After an informative poster on human rights violations committed by State agents during the military dictatorship, such as torture, deaths, disappearances and concealment of corpses, still on the black screen, a man's voice addresses his interlocutor: "Mr. it was a police chief, a state agent and you are a pastor... Cláudio, how would you like me to address you?”. The person to whom the question is directed responds that he is proud to be a pastor and that he prefers to be called that. This brief dialogue between Claudio Guerra, SNI agent during the dictatorship, today an evangelical pastor, and Eduardo Passos, psychologist and human rights activist, with the Tortura Nunca Mais group, opens Beth Formaggini's film, as a kind of moral contract for footage of a tense face-to-face between these two men, which will last four hours.

Hitman and member of Scuderie Le Cocq, a clandestine group of killers working for the dictatorship, created in Rio de Janeiro, Claudio Antônio Guerra joined the civil police in 1971, as a district delegate in Espírito Santo, one of the most violent regions in Brazil and with the greatest penetration of death squads . That year, roughly speaking, the press reported eight thousand murders perpetrated by death squads throughout Brazil, in just four years of activity by these criminal organizations. In Rio de Janeiro alone, at the time, around 500 corpses were found each year, floating in rivers or in vacant lots, with the signature of squadrons, not to mention an incalculable number of missing persons. Indicated by a colonel, who introduced him as “someone who knew how to work…”, that is, “chasing and killing bandits”, as he himself will tell in the film, Guerra became a clandestine agent for the SNI and, later, head of security game, being excluded from the civil police in 1990.

Eduardo Passos comes from a long work in the field of human rights, started with the group Tortura Nunca Mais, in assisting people who suffered violence from the State, not only those who were victims of the dictatorship, but also family members of poor and black youths, still today persecuted and murdered by the police. Beth Formaggini's previous film about the dictatorship, Memories for everyday use (2007), was made with him, at an invitation from Eduardo himself. But even with this personal baggage, for the meeting with Guerra, the psychologist prepared for a year alongside the director and the first editor of the film, Márcia Medeiros. Together, they read several books about dictatorship and state violence, watched testimonies by agents of repression in the Truth Commission and also the films in which filmmaker Rithy Panh confronts the perpetrators of the Cambodian genocide, in particular Duch, the master of the forges of hell (France, 2011).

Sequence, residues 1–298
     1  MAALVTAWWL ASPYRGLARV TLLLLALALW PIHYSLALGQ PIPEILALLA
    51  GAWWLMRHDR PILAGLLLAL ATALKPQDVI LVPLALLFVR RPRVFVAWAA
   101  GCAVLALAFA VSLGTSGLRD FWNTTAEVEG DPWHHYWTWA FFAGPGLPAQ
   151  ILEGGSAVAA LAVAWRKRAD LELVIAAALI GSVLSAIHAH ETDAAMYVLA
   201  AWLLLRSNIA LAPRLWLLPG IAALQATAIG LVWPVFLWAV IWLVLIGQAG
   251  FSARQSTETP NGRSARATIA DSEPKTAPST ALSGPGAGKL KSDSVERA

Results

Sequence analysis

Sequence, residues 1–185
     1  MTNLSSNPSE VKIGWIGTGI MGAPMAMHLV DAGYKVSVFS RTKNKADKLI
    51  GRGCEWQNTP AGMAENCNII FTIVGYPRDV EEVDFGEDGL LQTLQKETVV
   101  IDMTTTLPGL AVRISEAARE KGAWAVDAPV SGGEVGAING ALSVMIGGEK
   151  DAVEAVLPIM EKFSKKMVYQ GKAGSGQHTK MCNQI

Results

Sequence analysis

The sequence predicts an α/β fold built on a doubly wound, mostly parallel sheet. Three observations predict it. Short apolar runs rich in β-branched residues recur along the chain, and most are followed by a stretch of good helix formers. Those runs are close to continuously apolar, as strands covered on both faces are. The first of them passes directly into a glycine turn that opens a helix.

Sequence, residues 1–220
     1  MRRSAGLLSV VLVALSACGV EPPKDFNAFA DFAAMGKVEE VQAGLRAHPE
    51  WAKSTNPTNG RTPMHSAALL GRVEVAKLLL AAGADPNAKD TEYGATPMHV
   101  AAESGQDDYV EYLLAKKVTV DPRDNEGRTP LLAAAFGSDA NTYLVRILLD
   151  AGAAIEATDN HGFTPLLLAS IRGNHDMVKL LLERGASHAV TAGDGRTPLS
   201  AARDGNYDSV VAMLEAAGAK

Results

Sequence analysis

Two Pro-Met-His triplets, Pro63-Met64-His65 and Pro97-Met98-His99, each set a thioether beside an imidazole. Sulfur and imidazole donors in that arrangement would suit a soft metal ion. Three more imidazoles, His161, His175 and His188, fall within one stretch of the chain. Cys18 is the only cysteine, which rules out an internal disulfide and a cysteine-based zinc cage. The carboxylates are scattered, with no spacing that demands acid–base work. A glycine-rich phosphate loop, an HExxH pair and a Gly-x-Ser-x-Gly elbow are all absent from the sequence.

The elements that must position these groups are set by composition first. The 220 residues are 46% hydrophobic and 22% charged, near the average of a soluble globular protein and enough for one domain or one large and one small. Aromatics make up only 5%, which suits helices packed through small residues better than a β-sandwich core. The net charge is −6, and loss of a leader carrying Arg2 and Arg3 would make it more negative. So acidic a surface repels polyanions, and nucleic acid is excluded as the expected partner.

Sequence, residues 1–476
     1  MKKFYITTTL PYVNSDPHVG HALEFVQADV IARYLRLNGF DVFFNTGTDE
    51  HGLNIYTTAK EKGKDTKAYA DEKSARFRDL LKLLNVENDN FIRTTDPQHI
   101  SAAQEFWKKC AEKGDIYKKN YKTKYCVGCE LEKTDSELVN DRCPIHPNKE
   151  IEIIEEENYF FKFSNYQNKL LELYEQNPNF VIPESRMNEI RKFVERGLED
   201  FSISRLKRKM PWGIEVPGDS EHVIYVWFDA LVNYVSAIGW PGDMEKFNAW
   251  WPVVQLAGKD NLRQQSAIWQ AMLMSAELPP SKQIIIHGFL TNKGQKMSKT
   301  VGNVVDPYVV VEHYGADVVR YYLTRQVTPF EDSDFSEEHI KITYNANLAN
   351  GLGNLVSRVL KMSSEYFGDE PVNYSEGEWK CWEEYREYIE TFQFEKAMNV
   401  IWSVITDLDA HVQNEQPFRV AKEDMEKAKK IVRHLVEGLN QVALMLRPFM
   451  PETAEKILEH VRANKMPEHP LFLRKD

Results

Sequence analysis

Beth Formaggini, a historian by training, was aware of the risks of facing, for the first time in a Brazilian documentary, an avowed killer of the dictatorship, a man who knew too much, but who seemed to hide a lot to save his skin, a strategy noticeable both in her long published interview in book,[ii] and in his three testimonies to the Truth Commission (two to CNV and one to CVSP).[iii] In the same way as the director, Eduardo Passos, with his clinical experience, was fully aware of what it meant, for him, to act with a murderer, positioning himself, in front of him, not as an interviewer who sees the event filmed from the outside, the starting from the off-screen, but like a character in the film, that of a psychologist directly concerned by the speech of the other and who, although he had an agenda of questions, would work with complete autonomy to get out of it, if necessary.

Guerra was filmed by Beth Formaggini in Vitória, on April 1, 2015, the 51st anniversary of the 64 coup, in a photography studio previously prepared for this purpose, but whose address, for security reasons, would be kept secret and revealed Guerra and the team itself only a little before filming, due to the death threats hanging over the former police officer at that time. Beth Formaggini feared an “archive burning”, as two reserve colonels involved in the disappearance of former deputy Rubens Paiva had already been murdered shortly before filming, under mysterious circumstances.[iv] Perhaps fearing undesirable consequences for his speech, Guerra asked to be called a “pastor” and to be filmed with the bible, which he holds throughout the entire film.